Lack of an effort to shape up a nationalism a la India since
independence from the British colonial rule in late 1940s may be said to be at the root of the tragic events that the Island Nation has been undergoing for decades. That is, first in the shape of Tamil separatism and recently the Muslim lash backs.
It is well known that the Sri Lankan society is broadly divided into
three streams: Simhala, Tamil and Muslim. Also there are a few
marginal groups comprising aborigines to the island who are in small numbers and very poor who were suppressed by different forces during the middle ages. They do not count today.
The three major streams did not have good relations during the British rule and they carried their respective prejudices against one another into post-1948 independence phase.
The contrast between the Indian leadership and that of the majority Sri Lankan leadership could be seen right from the beginning. In india no doubt the majority leadership hailed from the Hindu stream. Still, and despite the horrendous riots of partition time, that majority leadership with a vision of future ‘Indian Nation’ building, made every effort to take all communities, religions and regions along.
A suitable constitution and also plans for balanced, decentralized development of all regions were announced. It was an inclusive approach for ‘Nation Building’. It had its share of failures in practice not withstanding, nevertheless the very vision with resultant positive results held India together for all these long decades.
This is where exactly the Sri Lankan leadership miserably failed to
draw its lessons from its larger neighbour. Curiously enough the
Srilankans looked towards India for inspiration and guidance during the anti-colonial movement but there ended the bond.
Post- independence the majority Simhala/ Budhist leadership , while continuing its majoritarian dominant attitude, tried its best to beat the minority Tamils and Muslims into submission — economically, socially and politically. As this happened right from the beginning it caused reactions over a period of time, yielding bitter experiences to both the sides.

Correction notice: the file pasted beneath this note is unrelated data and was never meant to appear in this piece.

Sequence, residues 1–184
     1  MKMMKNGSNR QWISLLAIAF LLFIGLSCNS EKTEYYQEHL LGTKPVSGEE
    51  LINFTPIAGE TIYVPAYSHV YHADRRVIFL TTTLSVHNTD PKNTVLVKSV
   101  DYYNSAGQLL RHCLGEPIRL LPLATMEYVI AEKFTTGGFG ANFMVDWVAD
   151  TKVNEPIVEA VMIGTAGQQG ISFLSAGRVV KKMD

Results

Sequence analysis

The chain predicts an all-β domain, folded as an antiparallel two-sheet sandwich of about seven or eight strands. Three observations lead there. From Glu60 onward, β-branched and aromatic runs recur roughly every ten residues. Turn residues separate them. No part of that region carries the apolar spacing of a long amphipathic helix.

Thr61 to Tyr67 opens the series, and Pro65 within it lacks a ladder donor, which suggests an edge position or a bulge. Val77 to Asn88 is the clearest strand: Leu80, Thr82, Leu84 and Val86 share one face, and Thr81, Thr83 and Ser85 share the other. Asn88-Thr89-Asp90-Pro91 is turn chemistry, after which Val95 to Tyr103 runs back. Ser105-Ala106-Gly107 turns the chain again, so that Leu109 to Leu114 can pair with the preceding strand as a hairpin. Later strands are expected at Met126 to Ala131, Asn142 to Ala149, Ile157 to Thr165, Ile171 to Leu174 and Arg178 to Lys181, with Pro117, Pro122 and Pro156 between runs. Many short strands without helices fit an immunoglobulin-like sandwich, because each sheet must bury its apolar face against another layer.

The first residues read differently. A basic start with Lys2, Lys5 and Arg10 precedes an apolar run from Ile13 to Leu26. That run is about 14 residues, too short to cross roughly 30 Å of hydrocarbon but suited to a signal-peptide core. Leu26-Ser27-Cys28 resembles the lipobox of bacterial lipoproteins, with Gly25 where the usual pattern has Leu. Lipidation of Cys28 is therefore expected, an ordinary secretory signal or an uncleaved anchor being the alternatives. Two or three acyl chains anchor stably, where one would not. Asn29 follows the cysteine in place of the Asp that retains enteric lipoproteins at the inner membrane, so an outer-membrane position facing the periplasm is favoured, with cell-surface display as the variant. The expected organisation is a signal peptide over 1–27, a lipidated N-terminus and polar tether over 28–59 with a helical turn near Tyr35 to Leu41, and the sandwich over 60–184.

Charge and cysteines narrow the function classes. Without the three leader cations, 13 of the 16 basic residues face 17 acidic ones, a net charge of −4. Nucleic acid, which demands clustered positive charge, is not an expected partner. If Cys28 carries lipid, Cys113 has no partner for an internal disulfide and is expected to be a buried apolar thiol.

Coming to the April 21 bomb blasts in four of the Sri Lankan cities, it may be noted three of them are towards the western coast and on the western coast (Batticaloa), all having enough Muslim population.
A look at the past decades show that the Simhalese- Tamils and Muslims always had three- way tensions at one level or the other, for a variety of reasons. While the Simhala/ Budhist segment looked for a total domination over the other two in its quest to establish a ‘pure simhalese nationalism and simhalese nation’, the Tamils who are in sizable numbers in the Northern and Eastern parts resented such approach.
First they asked for a federal arrangement and later waged a war for separate Eelam, which of course failed.
On the other the minority Muslims, smaller in numbers, engaged mainly in business and peace-loving, always tried to adjust with the other two communities.But, interestingly both the Simhalese and the Tamil militants wanted them to submit them to their respective diktats. This is what this author observed during his month long visit to almost all the areas of Sri Lanka sometime ago.
To cut the long story short, once the LTTE was finished the majority stream pusuing its unitarist agenda, thought now it was the ‘turn’ of the Muslims. Thus the subsequent years had witnessed a number of policy measures and incidents against the latter. Much violence also followed. Quite a few small militant groups sprouted on Muslim side.
On their behalf now we witness even this utterly senseless terrorist acts victimizing totally innocent people. What all sides, particularly the majority Simhalese/ Budhists need to realize is that the only answer to this lies in building an inclusive Sri Lankan nationalism and certainly not a sectarian Simhalese nation. It may not be out of place to note that the island Tamils continue to be sulking lot.
(Ashok Tankasala is a veteran journalist from Hyderabad)